The Upside-Down Kingdom, Chapter 7: Right-Side Up Detours
Whenever I read a chapter for discussion, especially if I’m leading the discussion, I try to locate THE paragraph that best expresses the point of the chapter. Here is one I chose for Chapter 7: “God’s love for us transforms our economic behavior. Mercy, not accumulation, becomes our new yardstick for measuring success. Generous giving replaces conspicuous consumption. God’s highest command forms the core of this upside-down way. Loving God with all our heart means loving our neighbor as much as ourselves. And this means caring, sharing, giving—valuing our neighbor’s welfare as much as our own. Care for our neighbor strips the old demons of their grip.”
Beyond this, in this chapter, Kraybill makes many specific suggestions about how Christians should view and “do” economics within our own lives and among ourselves. He doesn’t advocate state socialism but does talk about redistribution of wealth by Christians and among Christians (without limiting it to Christians).
For example, Kraybill suggests a “graduated tithe” — less than ten percent given by those who have little to give and more than that by those who have much to give. I have a standard answer when someone asks me about tithing: “More if possible, less if necessary.” And we both (Kraybill and I) MEAN giving to the needy. Not necessarily cash, but giving what will actually help them. My own preference is to give to the poor and needy through an accountable and accredited Christian charity such as World Vision or World Relief or The Salvation Army or Volunteers of America. (One way to check accountability is to see if the charity is a member of the Evangelical Council for Financial Accountability.
Some readers and commenters here have demanded specific answers about how the preferential option for the poor should be administered. We will see if Kraybill answers that. However, generally speaking, I want to remind everyone that Kraybill is interested in principles more than mechanics. He is writing mainly to people who WANT to live the “upside-down way,” offering principles and suggestions.
But I think he is also arguing that churches should preach and teach the upside-down way and even hold members accountable who live a different way—according to “the world’s” principles and customs (e.g., selfish gain, hoarding, etc.).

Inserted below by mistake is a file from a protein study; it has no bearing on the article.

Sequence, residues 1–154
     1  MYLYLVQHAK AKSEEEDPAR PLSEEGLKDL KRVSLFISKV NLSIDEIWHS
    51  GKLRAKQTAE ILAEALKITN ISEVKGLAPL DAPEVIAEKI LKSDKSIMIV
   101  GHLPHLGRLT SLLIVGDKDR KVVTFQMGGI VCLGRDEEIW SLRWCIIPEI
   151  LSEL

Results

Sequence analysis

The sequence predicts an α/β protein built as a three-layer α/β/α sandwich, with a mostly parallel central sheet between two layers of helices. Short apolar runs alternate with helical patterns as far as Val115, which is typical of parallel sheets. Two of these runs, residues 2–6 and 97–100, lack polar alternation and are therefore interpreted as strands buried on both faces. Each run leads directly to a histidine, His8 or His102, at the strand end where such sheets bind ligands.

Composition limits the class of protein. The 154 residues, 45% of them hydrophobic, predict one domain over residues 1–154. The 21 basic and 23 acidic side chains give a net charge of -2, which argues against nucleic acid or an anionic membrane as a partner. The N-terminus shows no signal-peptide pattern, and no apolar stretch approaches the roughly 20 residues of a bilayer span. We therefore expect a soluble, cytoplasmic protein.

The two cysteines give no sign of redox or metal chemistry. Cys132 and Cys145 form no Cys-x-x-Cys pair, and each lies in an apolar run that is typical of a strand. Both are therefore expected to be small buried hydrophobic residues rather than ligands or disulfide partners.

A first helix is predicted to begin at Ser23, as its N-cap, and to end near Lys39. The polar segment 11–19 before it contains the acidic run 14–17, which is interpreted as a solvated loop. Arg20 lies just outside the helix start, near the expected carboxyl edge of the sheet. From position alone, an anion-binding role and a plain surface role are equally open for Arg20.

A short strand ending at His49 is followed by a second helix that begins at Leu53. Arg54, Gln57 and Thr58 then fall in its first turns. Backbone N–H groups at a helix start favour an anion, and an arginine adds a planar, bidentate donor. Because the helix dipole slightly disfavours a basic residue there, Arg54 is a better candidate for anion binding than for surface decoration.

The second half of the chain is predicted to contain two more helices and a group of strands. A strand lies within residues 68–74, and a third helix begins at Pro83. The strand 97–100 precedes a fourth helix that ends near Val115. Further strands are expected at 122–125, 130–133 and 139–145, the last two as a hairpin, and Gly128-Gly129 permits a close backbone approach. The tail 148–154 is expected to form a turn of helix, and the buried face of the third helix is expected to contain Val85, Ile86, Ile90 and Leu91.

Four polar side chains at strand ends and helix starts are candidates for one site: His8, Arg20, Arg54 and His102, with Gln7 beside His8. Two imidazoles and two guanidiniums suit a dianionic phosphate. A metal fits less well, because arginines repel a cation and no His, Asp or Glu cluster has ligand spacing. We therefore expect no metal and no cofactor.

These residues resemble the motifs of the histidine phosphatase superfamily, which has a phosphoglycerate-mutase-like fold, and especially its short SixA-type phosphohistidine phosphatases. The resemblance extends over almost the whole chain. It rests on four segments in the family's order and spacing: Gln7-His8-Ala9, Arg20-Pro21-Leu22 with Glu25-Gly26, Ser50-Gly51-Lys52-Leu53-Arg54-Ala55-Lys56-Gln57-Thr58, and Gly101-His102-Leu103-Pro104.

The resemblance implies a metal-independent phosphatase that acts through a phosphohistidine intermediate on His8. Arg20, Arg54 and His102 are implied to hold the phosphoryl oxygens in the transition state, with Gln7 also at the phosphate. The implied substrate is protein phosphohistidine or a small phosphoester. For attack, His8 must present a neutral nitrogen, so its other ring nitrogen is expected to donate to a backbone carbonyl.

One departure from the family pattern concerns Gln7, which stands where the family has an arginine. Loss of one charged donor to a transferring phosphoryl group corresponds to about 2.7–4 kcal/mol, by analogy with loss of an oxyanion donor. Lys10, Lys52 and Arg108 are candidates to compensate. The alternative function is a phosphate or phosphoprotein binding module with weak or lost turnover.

Kraybill also suggests that Christian business people and employers should charge less than possible for their goods and services and pay more than necessary to their workers.
Kraybill doesn’t go nearly as far as Walter Rauschenbusch did a century ago. Rauschenbusch believed that capitalism is evil and that Christians who go into business should set their businesses up as cooperatives rather than as for profit-making enterprises.
Much of this chapter deals with what Kraybill calls “detours” by which he means people, normally Christians, misusing scripture passages to avoid giving to the poor. He discusses the old canard of “The poor you will always have with you”—as a reason not to fight against poverty. And in that case and others he argues that these passages are misunderstood by those who are opposed to redistribution of wealth and attempts to abolish poverty.
So, finally, a “tale of two churches.” Is served as youth pastor at a moderate-sized mainline Protestant church in one of the poorest neighborhoods in a major American city. The church was surrounded by large old houses inhabited mostly immigrants to the U.S. from “south of the border.” When I was assigned to organize the church’s annual summer Vacation Bible School I was told by the consistory not to go around the neighborhood invited neighborhood children to VBS. The reason given was that they were unmannered and unruly and they might break something. I did it anyway. I walked around the neighborhood inviting families to send their children to VBS.
One five year old immigrant boy who spoke no English did accidentally put his hand through a small glass window pane in a door. He cut his hand and I went around the neighborhood asking everyone I could find whose child he was. I could not find his family. So I took him to the ER of the nearby hospital where they would not treat him in spite of the fairly severe cuts to his hand. We sat in the ER waiting room for hours while others from the church searched for his parents. Finally they were found and came to the ER and signed the necessary papers for him to get stitched up. Then I was soundly chastised by the consistory. I simply asked them what Jesus would do. I survived the chastisement. I should say that almost nobody in that congregation lived in that neighborhood and some people in the congregation opposed our “housing” the food pantry supported by several neighborhood churches. But we did house it anyway, partly at my insistence.
A different church, years later. Much smaller church but with a sizable building. The church participated in an inter-church project that housed homeless mothers and children. Two nights (in a row) per month our church took them in overnight, fed them, clothed them, played with the children, and stayed with them. We made sure they had shelter before leaving. We worked with the city, county and state as well as most churches in the city. Everyone in the church took turns setting up, supplying food, bringing blankets and clothes, etc., and staying overnight with the mothers and children. (We did not refuse fathers but they rarely came.)
Which church was at least making an effort to live the upside-down way of Jesus?
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